She finally submitted a "hundred pace" sachet from an adaptation of Minamoto Kintada's formula by the earlier Suzaku emperor, of very great delicacy and refinement. The prince announced that each of the perfumes was obviously the result of careful thought and that each had much to recommend it."
From the chapters of the "Tale of Genji" the Genji crests or Genji-mon were created to use in the Kodo game "Kumiko" called ""Genji-ko."
This is the Genji-mon for "The Branch of Plum" chapter in the "Tale of the Genji" The connected lines indicate that five "kiki-gouro's" (Incense Cups) were prepared by covering lit charcoal with ash and placing a mica plate with incense wood on top. The cups were passed among the contestants. In this presentation, the first, third, fourth, and fifth cups were the same incense wood. Only number two was different. This is represented by four connected lines, and one (the second) standing alone.
The first step in preparation is filling the Incense Cup (Kiki-gouro) with rice chaff ash (kouro-bai). Fill loosley and do not compact.
Next the ash (kouro-bai) is stirred with the chopsticks using a clockwise motion. Fluffing the ash in this manner allows air (oxygen) for charcoal to burn properly.
After preparing the ash, use the metal chopsticks to make a hole in the center for the charcoal (Kou-tadon) to be placed. You only need to make the hole about two centimeters (2 cm.) deep because the ash is loose and the charcoal can be pressed down to the proper height.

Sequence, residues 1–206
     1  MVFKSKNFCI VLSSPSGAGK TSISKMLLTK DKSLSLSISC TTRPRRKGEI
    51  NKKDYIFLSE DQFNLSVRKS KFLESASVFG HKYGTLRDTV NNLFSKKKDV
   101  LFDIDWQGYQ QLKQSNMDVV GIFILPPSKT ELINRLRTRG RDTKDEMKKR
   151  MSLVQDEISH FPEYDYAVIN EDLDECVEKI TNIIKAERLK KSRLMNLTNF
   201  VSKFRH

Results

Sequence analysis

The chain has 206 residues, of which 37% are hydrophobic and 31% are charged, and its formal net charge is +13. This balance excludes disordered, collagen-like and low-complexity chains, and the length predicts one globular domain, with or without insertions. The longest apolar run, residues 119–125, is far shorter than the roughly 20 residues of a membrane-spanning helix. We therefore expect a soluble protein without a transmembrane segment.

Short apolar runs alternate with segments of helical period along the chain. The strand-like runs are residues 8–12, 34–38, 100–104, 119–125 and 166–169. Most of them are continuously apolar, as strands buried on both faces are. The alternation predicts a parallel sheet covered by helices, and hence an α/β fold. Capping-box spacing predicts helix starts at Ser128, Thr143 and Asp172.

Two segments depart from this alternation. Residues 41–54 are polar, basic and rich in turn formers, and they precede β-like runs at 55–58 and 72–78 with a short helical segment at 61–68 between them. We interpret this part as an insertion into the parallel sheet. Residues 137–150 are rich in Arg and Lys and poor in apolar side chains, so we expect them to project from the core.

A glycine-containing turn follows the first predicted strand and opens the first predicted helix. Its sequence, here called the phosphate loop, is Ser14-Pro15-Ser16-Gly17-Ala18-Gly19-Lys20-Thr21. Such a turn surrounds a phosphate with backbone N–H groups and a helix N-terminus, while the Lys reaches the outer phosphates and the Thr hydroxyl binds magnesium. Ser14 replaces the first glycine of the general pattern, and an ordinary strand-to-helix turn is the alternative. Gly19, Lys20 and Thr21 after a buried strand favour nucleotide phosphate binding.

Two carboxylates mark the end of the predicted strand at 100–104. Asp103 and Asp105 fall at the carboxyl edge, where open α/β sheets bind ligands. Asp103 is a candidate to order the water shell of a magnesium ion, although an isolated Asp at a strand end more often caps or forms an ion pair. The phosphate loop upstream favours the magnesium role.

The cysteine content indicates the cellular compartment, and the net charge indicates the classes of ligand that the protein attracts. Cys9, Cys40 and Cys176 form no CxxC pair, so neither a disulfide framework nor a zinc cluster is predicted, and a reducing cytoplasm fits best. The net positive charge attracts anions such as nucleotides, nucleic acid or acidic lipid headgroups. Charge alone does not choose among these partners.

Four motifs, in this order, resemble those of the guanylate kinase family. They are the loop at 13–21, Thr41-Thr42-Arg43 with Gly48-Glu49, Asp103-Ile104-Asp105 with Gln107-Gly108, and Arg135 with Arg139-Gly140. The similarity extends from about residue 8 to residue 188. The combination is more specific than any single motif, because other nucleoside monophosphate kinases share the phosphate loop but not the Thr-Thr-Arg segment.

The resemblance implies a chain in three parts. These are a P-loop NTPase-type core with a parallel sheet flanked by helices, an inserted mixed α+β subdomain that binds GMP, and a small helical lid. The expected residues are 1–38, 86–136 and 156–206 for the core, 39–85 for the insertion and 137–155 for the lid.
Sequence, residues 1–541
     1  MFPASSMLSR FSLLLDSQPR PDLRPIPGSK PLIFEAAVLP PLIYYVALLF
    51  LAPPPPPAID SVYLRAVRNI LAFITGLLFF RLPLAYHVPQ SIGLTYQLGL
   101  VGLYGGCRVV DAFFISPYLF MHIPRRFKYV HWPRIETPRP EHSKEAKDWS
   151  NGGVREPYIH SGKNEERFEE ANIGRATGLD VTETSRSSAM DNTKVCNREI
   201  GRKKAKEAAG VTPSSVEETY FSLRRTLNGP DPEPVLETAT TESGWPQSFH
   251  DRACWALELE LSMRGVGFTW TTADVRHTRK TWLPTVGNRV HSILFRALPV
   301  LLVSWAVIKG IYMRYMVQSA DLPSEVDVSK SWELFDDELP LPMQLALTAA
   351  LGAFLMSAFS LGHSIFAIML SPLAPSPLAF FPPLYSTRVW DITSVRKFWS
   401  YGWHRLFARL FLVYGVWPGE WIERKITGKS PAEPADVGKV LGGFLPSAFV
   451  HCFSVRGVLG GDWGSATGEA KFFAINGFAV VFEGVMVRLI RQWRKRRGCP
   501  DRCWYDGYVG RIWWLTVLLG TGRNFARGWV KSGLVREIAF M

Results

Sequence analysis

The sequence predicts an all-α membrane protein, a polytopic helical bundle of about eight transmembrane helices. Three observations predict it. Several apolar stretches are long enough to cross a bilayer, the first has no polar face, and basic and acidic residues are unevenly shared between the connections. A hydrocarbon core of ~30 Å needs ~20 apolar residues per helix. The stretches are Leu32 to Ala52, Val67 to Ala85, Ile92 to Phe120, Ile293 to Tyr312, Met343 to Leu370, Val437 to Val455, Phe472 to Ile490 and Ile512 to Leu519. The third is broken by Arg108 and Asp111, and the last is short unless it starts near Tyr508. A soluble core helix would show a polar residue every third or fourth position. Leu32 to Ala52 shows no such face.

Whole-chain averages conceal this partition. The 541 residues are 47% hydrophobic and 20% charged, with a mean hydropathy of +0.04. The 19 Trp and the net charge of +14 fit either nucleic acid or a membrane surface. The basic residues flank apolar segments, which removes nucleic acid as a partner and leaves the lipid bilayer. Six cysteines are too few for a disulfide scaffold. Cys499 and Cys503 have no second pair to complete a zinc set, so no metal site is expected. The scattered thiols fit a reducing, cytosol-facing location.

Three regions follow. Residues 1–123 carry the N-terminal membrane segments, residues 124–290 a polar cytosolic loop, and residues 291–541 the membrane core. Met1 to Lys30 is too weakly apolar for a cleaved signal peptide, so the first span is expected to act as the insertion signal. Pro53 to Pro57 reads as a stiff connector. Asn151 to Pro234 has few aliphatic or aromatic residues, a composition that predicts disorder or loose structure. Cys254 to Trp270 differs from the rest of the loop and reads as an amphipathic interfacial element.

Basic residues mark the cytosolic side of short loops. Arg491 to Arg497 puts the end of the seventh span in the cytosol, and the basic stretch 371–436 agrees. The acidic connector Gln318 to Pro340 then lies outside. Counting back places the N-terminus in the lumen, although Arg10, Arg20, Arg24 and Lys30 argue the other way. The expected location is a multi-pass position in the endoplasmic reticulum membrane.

One very important part of preparing the Kodo cup (Kiki-gouro) is heating the charcoal properly. If has not burned long enough before you put it in the Kodo cup it will have an unpleasant aroma which will be retained in the ash and effect the presentation. For this reason the charcoal is ignited and place in a separate censor until it is glowing red in the center and white on the entire outside, and the offensive aroma is burned away.
Now you place the charcoal in the "Kiki-gouro" (Kodo cup) and you are ready to begin covering the charcoal with ash and building your ash mound.
Note: Normally the charcoal would be white. We used unlit charcoal for this demonstration so you could see it better.
Next you take the metal chopsticks (koji) and begin making a mound over the charcoal, working from the edge with a counter-clockwise upwards motion. This keeps the ash loose for a better burning of the charcoal.
This is a very important part of the process. You want to lightly tamp the surface without compacting the ask below the surface, Remember, the charcoal needs air to burn properly. Hold the ash press parallel to your shoulders and lightly press the surface as you rotate the cup counter clockwise. Keep the ash tamper (Haioshi) 90 degrees to the front of the Kiki-gouro.
Once the mound is smooth you begin making the ash pattern. There are three styles of ash patterns:
Shin-kouro or Shin-bai (True pattern) is the most formal. It is divided into five sections called Gou, and the listening line Kiki-suji. An odd number of lines, (kosuji) usually nine, divide the five sections (gou).
Below-left is the positive (You) "True Ash" (Shin-bai) pattern of the Oie school. Below-right is the negative or "In" pattern. Notice how the kosuji reverse in the negative pattern.
The second most formal pattern is called the Gyou-kouro or Gyou-bai patten. It also contains five sections (gou) and the listening line (kiki-suji) but the kosuji are left out. (see below) Gyou means "Journey" or “Travelling.”
The least formal is called the Sou-bai or Sou-kouro. In this pattern the Gou are omitted, and only the kiki-suji (listening line) is marked. Sou means "Draft" or "Grass"
After making the pattern use the metal chopstick to make a hole or vent down to the charcoal. This allows the most heat to rise at the center where you will place the mica plate (silver leaf) and center the incense (koh).